Joy Medley Lyons, Mammoth Cave National Park ranger, retired on July 27, finishing a career of 33 years of service to the American people. For most of her career, Lyons supervised and mentored the Park’s guide force.
“Mammoth Cave is known across the National Park Service as a good place to start a career,” said Superintendent Sarah Craighead. “Joy has hired and trained literally hundreds of new rangers, and has strived to increase the diversity of our workforce.”
Also a writer and historian, Lyons authored Mammoth Cave: The Story Behind the Scenery, a seminal work that has for years marked many visitors’ first in-depth exploration of the world’s longest known cave. First published in 1991, the book remains in high demand as a signature item for visitors in the park’s bookstore.
At the 2007 Kentucky History Awards, the Kentucky Historical Society presented Lyons with its Award of Merit for Publication for her much-discussed Making Their Mark: The Signature of Slavery At Mammoth Cave, on the African-American history of Mammoth Cave. The book also brought recognition to Lyons as the Southeast Regional Interpreter of the Year (2007) from the National Association of Interpretation.
An Owensboro, Ky., native, Lyons, and husband David, make their home in Park City. In 1994, she initiated a preservation project in Park City that led to the formation of Bell’s Tavern Historical Park. For nearly 20 years Lyons has led local volunteers in preserving and developing this unique historic site along the route of the Louisville & Nashville Railroad.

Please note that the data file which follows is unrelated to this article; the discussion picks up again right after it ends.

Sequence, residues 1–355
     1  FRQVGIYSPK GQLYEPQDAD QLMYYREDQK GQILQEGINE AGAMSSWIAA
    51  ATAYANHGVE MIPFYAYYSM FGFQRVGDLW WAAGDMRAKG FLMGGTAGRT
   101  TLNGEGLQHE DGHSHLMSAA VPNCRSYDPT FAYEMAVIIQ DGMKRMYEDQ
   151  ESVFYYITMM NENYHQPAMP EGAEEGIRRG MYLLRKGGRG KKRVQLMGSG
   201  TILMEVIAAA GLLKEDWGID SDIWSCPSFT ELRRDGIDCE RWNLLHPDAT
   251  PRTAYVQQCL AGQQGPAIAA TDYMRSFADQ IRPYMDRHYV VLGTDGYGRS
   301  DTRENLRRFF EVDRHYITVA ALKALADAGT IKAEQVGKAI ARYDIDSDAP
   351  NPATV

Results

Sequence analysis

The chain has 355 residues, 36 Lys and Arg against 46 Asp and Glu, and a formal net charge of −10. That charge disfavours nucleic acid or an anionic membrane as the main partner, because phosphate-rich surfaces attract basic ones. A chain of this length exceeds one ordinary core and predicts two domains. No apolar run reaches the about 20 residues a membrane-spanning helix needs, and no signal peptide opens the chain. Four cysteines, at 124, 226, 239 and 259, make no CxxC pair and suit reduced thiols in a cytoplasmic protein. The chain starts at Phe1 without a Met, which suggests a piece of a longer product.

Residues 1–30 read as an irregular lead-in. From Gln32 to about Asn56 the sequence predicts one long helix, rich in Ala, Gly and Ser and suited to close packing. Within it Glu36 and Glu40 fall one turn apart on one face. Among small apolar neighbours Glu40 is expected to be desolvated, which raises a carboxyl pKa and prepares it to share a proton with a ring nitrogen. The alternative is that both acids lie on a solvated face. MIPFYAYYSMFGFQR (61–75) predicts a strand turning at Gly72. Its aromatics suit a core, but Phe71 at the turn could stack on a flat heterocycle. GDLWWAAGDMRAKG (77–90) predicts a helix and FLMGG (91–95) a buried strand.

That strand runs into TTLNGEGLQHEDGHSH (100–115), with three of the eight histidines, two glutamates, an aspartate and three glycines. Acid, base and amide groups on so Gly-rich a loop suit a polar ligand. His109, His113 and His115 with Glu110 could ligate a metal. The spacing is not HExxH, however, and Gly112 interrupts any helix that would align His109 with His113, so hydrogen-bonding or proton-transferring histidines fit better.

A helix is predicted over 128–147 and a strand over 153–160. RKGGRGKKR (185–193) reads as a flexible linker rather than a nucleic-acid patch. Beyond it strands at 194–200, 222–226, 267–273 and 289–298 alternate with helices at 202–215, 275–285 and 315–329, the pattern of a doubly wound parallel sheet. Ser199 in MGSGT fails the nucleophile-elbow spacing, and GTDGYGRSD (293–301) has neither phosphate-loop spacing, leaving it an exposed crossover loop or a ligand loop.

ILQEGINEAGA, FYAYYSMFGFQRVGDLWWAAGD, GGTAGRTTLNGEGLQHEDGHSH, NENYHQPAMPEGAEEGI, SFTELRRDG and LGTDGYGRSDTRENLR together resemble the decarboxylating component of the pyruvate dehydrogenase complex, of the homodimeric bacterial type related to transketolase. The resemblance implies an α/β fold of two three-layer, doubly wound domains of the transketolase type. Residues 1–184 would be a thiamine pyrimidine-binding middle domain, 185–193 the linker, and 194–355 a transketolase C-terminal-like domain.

In 1980, Lyons earned her B.A. in English and creative writing from Western Kentucky University. Further studies in American history and folk studies merged naturally with Joy's lifelong love of writing, giving her a perspective and a voice to use in helping to preserve the nation's cultural and natural heritage; the National Park Service would provide the opportunity.
The summer before her senior year of college, Lyons began working at Mammoth Cave as a seasonal park aid in 1979. By 1981 she would land a permanent position as a personnel clerk, and would diversify her experience with duties in the campground. In 1982, she took a position as a park interpreter, guiding and later supervising the guides who led thousands of visitors into Mammoth Cave each year. In 2004, Lyons received a promotion to her present position as Chief of Program Services for the Park’s Division of Interpretation.
Lyons hired and trained a generation of Mammoth Cave guides, thus leaving a living imprint on a place whose guides have helped make memorable for nearly two centuries. While her words will carry on at Mammoth Cave after her departure as her books continue to be read, her real legacy is in the way stories will still be told mouth-to-ear in shadowy chambers where the past lives on and traditions die harder than echoes along an underground river.
“I hope my legacy at Mammoth Cave National Park to be one of conducting original research and incorporating it into interpretive programs,” said Lyons. “Guides don’t merely imitate other guides, from one set of lips to another set of ears. New employees may start out that way, but they are expected to read, research, corroborate and communicate with fellow workers to promote stewardship of the park to our visitors."